- The Washington Times - Saturday, May 5, 2007

LAKEHURST, N.J. (AP) — Robert Buchanan says he sometimes has trouble remembering what he did 10 minutes ago. But the 87-year-old can recall in vivid detail the day 70 years ago when he watched the luxurious airship Hindenburg erupt into a fireball.

Flames roared across the surface of the mighty German dirigible 100 or so feet above him, singing his hair as he ran for his life.

“It was a piff-puff, just like someone would leave the gas on and not get the flame to it,” said Mr. Buchanan, one of the last living members of the ground crew waiting to help the Hindenburg land.

Seventy years ago today, the hydrogen-filled Hindenburg ignited while easing toward its mooring mast at the U.S. Navy base in Lakehurst. The blaze killed 35 persons on board and one person in the ground crew; 62 passengers and crew members survived.

The huge airship — more than three times as long as a Boeing 747 — was engulfed in flames and sank to the ground in less than a minute. Photographers and newsreel crews on hand for the landing captured the scene, and a shocked radio station broadcaster recorded the often replayed phrase “Oh, the humanity and all the passengers!”

The 804-foot-long Hindenburg was cutting-edge technology, with its fabric-covered, metal frame held aloft by more than 7 million cubic feet of lighter-than-air hydrogen. Flammable hydrogen had to be used because of a U.S. embargo on nonflammable helium.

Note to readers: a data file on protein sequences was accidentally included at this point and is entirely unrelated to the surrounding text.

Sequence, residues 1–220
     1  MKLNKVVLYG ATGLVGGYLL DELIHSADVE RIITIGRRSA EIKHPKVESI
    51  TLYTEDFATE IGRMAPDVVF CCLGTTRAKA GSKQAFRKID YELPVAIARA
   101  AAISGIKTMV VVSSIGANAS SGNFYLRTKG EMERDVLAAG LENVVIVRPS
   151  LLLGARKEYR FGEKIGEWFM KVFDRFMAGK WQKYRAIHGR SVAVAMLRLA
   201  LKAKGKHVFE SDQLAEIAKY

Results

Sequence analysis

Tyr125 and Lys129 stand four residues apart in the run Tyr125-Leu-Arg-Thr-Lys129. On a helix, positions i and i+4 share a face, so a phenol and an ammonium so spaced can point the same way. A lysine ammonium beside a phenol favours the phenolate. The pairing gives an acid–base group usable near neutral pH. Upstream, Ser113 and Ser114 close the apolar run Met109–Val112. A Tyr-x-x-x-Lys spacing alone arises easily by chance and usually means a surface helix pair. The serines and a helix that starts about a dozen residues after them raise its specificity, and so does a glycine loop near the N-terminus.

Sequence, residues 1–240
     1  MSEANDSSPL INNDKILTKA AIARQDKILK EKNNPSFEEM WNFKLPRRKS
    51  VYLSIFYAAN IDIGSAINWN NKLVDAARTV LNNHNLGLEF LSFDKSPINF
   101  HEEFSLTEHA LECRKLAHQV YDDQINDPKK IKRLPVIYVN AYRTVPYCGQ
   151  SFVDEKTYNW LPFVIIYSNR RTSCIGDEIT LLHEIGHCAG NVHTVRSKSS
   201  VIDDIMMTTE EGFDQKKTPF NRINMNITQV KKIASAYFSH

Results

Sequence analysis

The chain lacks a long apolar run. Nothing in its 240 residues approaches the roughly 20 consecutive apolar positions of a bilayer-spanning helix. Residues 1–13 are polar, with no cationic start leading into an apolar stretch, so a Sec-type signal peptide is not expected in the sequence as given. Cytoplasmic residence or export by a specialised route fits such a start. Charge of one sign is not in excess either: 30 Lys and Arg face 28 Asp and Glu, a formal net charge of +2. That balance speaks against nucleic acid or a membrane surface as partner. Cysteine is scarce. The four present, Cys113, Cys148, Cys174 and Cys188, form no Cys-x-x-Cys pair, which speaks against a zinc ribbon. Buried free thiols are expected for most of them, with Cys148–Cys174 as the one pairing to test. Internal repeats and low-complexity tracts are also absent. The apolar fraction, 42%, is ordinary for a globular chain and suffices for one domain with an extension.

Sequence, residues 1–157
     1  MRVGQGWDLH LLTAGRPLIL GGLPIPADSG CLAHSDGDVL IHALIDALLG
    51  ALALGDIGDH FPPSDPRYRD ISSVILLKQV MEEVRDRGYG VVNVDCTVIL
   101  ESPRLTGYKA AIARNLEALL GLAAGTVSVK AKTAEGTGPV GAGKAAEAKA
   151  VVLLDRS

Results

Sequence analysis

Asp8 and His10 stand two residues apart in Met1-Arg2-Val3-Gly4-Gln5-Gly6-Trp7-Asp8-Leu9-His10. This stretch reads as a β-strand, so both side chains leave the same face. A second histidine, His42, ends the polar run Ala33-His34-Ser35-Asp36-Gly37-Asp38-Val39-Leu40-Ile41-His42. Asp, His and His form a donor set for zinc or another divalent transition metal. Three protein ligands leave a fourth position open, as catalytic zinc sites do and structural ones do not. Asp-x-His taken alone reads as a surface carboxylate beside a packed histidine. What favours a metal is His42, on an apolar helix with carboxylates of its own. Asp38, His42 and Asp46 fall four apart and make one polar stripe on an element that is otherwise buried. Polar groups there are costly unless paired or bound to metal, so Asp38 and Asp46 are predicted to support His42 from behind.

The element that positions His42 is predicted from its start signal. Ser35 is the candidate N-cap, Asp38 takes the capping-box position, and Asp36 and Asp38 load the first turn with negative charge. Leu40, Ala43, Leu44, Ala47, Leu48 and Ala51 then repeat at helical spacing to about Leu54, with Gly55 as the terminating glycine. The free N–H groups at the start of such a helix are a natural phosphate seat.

It was “the Concorde of its day back in 1936 and ‘37,” said Carl Jablonski, president of the Navy Lakehurst Historical Society. But after the fire, he said, it would be called the “Titanic of the sky.”

The historical society planned a private 70th anniversary memorial service today at the crash site in Lakehurst, about 40 miles east of Philadelphia.

The Hindenburg was a swastika-emblazoned billboard for Nazi Germany, providing travel across the Atlantic in less than half the time of the standard four- to five-day ocean liner trip, said Rick Zitarosa, a vice president of the historical society. With a capacity for 72 passengers, it carried more than 1,000 passengers on 10 successful round trips between Germany and Lakehurst in 1936, in addition to trips to Brazil the same year.

“It was the most luxurious experience in the air, before and since,” Mr. Zitarosa said.

On May 6, 1937, more than 1,000 sightseers had gathered at Lakehurst to see the Hindenburg arrive with 61 crew and 36 passengers after its first trans-Atlantic flight of the year.

Mr. Buchanan, 17 at the time, was among more than 200 ground crew members waiting in rainy weather.

“The blessing is that I wore a sweater and I was soaking wet, absolutely wringing wet. And that’s what I think saved us,” he said.

Eight-year-old passenger Werner Doehner saw chairs fall across the Hindenburg’s dining room door.

“Just instantly, the whole place was on fire,” said Mr. Doehner, of Parachute, Colo., the last surviving passenger.

Mr. Doehner, 78, still has trouble discussing the tragedy that killed his father and sister. He was hospitalized for months for treatment of burns.

The cause of the disaster is still debated. The most accepted theory is that static electricity from the day’s storms ignited leaking hydrogen.

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